"On Stewardship" by Council Chair Mike Kuhr



Stewardship can be defined as “the careful and responsible management of something entrusted to one’s care”.  In today’s world, that can have many meanings: a parent / child relationship, a statewide public lands initiative, our belonging and sense of duty to an organization like Trout Unlimited, the care for our natural resources, and ultimately, the legacy we will pass on to future generations.


My daughter and I were fortunate to be at the confluence of these meanings on a recent trip to a local trout stream.  We were taking advantage of unseasonably mild January weather, and the early catch and release trout season in Wisconsin.  Fishing with kids can be tricky – you have to be ready to strike when just the right situation presents itself – even if that window is short.


I packed the car (and lots of snacks) and we headed out to a nearby stream with plenty of public access.  We’re fortunate to live in a state where the water belongs to all of us – and we’re allowed to legally fish any navigable stream as long as we keep our feet wet.  But that’s not easy to do with a 4 year old.  We needed access to the streambank.


Thankfully, for the last 30 years Wisconsin has been investing in public lands and public access thru the Knowles Nelson Stewardship Program.  It’s one of the primary reasons our outdoor economy is thriving, and it makes excursions like the one my daughter and I were on possible.


At the time the Stewardship Program came into existence, I was more concerned with stats on a baseball card than public boat launches, county forests, or private lands leased for public fishing access.  Things sure do change (for the record I still like baseball stats – just not in card form).


We pulled up to the parking area at the head of a trail that provides over two miles of access to a really nice trout stream – accessible via a hiking and biking trail on lands purchased thru the Stewardship Program.  We only fished a couple of pools this afternoon, but it’s nice to know that we could have went a lot further.  It’s good to have goals.


We rigged up and fished the first pool and then the second with no success.  My daughters’ attention soon turned to tossing rocks in the creek, then sticks, or anything else that would float.  A real in-depth study of buoyancy.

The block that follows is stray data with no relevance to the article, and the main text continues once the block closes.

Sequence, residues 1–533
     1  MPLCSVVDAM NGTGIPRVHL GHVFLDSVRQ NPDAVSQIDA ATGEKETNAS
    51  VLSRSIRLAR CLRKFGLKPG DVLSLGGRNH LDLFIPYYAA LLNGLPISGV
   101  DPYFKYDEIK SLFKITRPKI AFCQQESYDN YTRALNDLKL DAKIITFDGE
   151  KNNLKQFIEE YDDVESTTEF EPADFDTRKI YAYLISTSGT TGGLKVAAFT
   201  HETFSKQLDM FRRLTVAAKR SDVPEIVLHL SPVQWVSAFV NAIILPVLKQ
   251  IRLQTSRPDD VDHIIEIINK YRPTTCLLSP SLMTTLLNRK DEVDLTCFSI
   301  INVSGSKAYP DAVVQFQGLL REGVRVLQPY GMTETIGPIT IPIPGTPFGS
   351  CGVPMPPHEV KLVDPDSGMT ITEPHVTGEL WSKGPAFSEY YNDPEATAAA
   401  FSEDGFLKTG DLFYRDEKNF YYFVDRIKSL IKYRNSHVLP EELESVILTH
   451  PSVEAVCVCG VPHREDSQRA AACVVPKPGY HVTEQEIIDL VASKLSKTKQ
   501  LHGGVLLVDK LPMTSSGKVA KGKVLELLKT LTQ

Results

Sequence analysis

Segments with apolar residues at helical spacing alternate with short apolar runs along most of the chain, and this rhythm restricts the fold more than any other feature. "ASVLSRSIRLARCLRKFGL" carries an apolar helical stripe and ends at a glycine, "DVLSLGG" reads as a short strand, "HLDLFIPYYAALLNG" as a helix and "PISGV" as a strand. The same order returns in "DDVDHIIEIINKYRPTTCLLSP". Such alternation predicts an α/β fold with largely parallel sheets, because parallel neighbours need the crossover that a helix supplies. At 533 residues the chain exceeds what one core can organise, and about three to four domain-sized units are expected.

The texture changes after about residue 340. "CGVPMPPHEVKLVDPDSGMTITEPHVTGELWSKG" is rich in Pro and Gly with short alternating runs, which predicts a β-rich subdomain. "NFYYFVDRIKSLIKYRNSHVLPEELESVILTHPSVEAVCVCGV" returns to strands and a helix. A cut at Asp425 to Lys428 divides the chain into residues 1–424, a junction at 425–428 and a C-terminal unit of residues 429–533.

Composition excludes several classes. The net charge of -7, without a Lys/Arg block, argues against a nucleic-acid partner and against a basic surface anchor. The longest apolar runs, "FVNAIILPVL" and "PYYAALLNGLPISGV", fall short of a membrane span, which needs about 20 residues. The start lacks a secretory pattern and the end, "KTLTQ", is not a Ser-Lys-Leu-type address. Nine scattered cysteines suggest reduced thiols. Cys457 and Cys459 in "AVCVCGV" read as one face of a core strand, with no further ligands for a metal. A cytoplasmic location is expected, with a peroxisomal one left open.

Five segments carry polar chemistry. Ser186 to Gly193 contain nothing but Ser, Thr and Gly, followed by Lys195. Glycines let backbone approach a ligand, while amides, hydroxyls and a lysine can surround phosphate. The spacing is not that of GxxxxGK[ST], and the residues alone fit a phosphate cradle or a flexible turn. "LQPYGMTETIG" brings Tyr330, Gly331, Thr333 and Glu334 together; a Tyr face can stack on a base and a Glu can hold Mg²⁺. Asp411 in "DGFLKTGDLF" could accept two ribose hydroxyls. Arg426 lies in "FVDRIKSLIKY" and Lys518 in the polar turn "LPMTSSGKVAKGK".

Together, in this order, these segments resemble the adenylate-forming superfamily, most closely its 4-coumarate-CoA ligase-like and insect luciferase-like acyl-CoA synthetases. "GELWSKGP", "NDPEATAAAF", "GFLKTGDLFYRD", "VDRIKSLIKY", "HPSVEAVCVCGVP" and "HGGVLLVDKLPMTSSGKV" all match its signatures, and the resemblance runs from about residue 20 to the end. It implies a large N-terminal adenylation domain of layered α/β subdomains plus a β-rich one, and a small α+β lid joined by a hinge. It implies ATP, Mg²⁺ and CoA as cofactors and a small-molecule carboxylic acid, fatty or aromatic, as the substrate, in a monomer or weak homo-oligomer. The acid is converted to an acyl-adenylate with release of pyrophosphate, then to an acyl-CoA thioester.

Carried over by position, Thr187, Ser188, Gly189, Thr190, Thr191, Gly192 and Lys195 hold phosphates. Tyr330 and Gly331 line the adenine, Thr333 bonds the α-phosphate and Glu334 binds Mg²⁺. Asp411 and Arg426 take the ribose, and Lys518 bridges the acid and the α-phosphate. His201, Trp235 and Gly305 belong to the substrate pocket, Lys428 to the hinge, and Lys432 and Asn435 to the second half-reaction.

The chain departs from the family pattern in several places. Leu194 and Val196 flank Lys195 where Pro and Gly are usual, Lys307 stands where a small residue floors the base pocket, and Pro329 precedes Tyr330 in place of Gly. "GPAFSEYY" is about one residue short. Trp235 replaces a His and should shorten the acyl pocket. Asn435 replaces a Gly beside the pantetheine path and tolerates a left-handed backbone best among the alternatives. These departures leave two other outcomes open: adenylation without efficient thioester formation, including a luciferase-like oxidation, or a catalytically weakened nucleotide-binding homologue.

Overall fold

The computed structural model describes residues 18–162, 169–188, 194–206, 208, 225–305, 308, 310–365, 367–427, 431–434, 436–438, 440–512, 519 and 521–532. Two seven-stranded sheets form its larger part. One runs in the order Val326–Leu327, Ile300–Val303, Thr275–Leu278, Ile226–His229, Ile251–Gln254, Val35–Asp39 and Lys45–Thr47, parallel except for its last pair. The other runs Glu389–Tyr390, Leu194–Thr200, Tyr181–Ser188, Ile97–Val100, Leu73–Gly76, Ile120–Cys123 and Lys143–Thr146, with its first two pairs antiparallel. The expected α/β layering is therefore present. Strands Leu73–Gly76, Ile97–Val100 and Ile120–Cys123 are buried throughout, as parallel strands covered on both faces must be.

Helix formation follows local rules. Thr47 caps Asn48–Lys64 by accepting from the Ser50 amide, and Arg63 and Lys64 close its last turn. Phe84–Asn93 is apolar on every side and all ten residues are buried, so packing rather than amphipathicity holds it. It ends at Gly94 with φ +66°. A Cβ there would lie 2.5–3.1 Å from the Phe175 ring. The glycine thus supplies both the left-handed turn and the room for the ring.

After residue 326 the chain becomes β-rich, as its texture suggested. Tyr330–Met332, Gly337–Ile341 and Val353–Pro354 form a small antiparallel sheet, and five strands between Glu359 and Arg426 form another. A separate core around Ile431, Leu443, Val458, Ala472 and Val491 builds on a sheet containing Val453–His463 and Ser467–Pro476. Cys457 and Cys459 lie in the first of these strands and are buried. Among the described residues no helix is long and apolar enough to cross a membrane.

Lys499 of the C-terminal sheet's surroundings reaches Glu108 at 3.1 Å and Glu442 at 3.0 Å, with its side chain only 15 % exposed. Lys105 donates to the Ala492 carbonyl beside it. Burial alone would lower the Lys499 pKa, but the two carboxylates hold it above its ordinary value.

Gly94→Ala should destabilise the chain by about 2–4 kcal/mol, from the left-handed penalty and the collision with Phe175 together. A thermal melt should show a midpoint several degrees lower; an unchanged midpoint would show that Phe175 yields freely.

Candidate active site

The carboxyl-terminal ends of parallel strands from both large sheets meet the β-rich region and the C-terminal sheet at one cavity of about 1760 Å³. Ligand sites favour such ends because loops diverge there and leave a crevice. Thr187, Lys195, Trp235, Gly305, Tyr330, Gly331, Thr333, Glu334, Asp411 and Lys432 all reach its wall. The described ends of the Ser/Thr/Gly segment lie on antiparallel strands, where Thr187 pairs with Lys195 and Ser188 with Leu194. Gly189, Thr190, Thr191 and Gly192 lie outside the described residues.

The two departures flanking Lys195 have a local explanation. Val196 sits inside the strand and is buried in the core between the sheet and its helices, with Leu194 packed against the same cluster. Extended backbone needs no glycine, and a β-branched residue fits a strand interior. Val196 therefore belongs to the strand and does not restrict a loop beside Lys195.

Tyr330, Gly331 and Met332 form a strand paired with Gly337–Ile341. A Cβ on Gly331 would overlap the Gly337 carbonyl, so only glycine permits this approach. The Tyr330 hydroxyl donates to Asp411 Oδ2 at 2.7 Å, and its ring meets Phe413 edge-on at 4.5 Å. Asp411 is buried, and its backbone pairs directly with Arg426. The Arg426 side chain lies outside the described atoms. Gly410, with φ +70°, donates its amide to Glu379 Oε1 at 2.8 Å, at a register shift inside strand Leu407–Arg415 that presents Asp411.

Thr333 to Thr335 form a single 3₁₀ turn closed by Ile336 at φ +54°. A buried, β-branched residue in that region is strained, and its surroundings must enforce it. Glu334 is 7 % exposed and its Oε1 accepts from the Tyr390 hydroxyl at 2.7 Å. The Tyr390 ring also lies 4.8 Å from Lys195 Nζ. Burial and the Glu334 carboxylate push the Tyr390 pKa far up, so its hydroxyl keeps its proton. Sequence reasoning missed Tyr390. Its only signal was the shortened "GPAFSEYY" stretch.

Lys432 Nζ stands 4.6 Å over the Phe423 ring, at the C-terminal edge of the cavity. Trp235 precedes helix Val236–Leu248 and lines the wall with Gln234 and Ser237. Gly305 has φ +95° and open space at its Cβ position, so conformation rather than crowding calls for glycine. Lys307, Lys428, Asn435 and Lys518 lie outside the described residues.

We passed a sign describing trout habitat, complete with pictures of some of the DNR personnel and TU volunteers who worked on the stream restoration project.  I paused for a moment and thought about all the work that has been done around our state to protect and restore our cold water resources.  I thought about all the Chapter and Council leaders who had come before me.  Will my time as “steward” of this Council meet their expectations?


This Trout Unlimited organization has a way of digging real deep inside you (in a good way) if you let it.  So many good people, doing so many good things.  It takes courage to show up at that first meeting (and even more courage to come back to the second), but for those who stick with it, the rewards are bountiful.  “If you take care of the fish, the fishing will take care of itself”.


The fish, we should be fishing!  Back in the water goes the line.  Soon enough, a 13” brown trout is brought to hand.  I wet my hand, then gently lift it from the water.  My daughter dips her finger in the creek and gives the trout a “one finger touch” along the lateral line.  We make a clean release, then watch for a minute as it hugs close to the bank before disappearing back into the depths of the pool.


Children learn quickly that success brings rewards, and my daughter was soon swinging on the tree swing that she had been eyeing up since we arrived.  Few things can match the joy of an ear-to-ear grin on a four year old, and the sound of the water rushing thru the riffles in the trout stream nearby made this a near-perfect moment.     


Our TU President, Chris Wood, was recently quoted as saying that “Public lands are the best idea America ever had”.  Let’s be the best stewards we can be of this principle – our kids and grandkids will surely thank us someday.